My site was attacked yesterday using an RFI scheme. I was able to capture some important data about what the hacker was doing, including the script he was using. He was targeting payment scripts in my e-commerce application aMember, but fortunately I caught him in the act and removed the excess stuff he was trying to exploit.
I hold my own with the technical stuff, but it’s not my strength when it comes to server configuration and the security of PHP scripts. I was wondering if someone could give me some advice about how to configure my settings to ensure I’m not vulnerable to RFI attacks. I’m including the response from the hacker’s web host here. He gave me some good advice, but I don’t really understand how to do this myself. I run WordPress and aMember - aMember explicitly sets register_globals to OFF, but I think this guy might mean at the PHP level, not just the application (that’s using it) level.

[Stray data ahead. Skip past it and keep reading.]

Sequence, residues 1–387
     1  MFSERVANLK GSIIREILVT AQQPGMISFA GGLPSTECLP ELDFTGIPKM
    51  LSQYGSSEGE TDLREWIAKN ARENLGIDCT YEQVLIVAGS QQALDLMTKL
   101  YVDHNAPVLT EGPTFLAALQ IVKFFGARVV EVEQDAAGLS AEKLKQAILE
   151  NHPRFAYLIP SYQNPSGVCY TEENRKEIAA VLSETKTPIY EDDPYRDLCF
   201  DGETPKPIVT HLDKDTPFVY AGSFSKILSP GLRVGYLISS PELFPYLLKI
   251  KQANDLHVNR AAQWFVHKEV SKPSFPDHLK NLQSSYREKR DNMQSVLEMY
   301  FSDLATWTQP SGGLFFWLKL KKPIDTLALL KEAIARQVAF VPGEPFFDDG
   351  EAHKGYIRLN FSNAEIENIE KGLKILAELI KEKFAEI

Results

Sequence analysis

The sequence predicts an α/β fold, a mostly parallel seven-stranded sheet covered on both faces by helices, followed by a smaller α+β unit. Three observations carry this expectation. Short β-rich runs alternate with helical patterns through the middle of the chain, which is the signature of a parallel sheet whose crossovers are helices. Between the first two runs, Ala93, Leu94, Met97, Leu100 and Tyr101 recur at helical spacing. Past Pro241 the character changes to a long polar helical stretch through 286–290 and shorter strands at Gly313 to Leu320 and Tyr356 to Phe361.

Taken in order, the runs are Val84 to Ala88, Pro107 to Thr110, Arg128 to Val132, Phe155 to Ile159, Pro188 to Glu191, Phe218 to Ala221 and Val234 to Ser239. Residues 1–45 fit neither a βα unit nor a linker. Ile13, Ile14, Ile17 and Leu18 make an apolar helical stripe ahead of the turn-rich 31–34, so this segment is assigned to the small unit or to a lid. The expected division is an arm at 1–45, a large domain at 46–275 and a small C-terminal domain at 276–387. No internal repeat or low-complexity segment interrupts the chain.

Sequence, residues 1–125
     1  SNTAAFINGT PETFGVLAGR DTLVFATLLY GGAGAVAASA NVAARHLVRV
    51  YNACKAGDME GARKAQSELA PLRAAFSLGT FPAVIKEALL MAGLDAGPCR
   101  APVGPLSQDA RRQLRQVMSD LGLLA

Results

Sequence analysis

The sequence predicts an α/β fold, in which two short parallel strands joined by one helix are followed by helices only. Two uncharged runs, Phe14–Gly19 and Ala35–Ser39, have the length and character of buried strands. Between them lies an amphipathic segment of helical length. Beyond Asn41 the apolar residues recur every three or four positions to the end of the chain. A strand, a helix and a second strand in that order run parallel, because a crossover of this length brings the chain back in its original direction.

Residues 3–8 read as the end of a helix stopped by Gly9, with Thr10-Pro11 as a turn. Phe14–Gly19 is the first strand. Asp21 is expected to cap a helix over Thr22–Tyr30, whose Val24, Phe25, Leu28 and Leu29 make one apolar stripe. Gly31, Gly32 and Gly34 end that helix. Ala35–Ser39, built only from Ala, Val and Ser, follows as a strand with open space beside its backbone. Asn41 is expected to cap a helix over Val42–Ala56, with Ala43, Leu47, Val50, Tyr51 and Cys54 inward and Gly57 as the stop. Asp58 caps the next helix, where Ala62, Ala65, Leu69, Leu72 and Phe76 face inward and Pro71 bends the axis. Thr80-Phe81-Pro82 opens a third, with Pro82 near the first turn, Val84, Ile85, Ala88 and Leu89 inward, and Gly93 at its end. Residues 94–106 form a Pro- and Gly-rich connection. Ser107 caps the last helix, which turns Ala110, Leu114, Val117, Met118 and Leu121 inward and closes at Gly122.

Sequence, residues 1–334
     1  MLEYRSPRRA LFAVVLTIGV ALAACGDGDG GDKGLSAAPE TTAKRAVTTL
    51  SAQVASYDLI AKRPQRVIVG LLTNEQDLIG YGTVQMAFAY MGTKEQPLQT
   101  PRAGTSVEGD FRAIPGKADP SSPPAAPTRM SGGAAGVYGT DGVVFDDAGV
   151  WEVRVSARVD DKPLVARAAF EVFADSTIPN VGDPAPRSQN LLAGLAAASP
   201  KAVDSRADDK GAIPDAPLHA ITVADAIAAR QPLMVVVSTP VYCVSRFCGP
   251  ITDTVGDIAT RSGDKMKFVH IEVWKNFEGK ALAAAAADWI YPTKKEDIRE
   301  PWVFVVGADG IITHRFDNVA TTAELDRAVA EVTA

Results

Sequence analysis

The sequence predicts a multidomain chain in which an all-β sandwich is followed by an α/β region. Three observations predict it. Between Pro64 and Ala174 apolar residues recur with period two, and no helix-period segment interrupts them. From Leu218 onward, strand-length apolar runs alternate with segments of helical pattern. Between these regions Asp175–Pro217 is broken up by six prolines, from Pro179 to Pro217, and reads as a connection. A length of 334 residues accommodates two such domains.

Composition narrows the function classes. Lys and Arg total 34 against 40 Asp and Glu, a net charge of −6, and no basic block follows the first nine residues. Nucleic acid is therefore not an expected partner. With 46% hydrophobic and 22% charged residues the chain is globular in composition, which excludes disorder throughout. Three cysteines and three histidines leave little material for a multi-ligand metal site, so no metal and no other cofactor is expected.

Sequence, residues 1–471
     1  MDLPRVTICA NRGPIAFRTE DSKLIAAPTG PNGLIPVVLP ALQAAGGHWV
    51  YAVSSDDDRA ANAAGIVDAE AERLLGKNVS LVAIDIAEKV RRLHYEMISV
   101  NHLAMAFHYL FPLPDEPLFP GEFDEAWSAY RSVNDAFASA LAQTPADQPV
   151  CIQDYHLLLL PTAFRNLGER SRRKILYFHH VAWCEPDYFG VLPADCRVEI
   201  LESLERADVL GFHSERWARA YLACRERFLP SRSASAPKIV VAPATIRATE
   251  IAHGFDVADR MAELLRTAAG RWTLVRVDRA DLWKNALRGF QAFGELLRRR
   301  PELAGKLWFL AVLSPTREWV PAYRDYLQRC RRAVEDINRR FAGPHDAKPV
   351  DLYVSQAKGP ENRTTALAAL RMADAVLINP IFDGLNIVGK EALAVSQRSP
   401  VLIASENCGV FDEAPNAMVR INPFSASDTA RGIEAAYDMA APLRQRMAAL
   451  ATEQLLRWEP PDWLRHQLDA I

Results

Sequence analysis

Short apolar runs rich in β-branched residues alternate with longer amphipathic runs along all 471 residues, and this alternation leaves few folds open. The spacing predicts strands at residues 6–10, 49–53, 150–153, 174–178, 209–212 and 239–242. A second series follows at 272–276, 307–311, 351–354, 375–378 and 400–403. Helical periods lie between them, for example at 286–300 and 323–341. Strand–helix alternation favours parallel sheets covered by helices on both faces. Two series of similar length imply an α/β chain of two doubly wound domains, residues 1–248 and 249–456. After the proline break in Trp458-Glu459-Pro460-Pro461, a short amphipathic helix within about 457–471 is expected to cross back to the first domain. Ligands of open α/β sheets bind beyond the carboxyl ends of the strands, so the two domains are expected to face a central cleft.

Here’s the host’s response to my abuse ticket:
"Thank-you for reporting this abuser in such great detail. I was able to tarball and disable the account and picked apart the code to see what’s going on.
The most important thing you can do to help stop these RFI exploits is to adjust your php to Disable the Register_Globals and stop fopen and other functions that allows the abusers to load files from other servers. They’re using your php script to load the perl script into your servers /tmp folder under a file named sess_0bdd95ab768468a84acc22b7B0by1620 which then scans for other php files that can load more txt files on other servers. This then reports back and loads more txt files from our SiteSled server.
We tell everyone to lock down their own servers, update their scripts while we erase the abuser’s files. Today I plan on adjusting our mod_rewrite so that no one can hotlink txt files from our server anymore."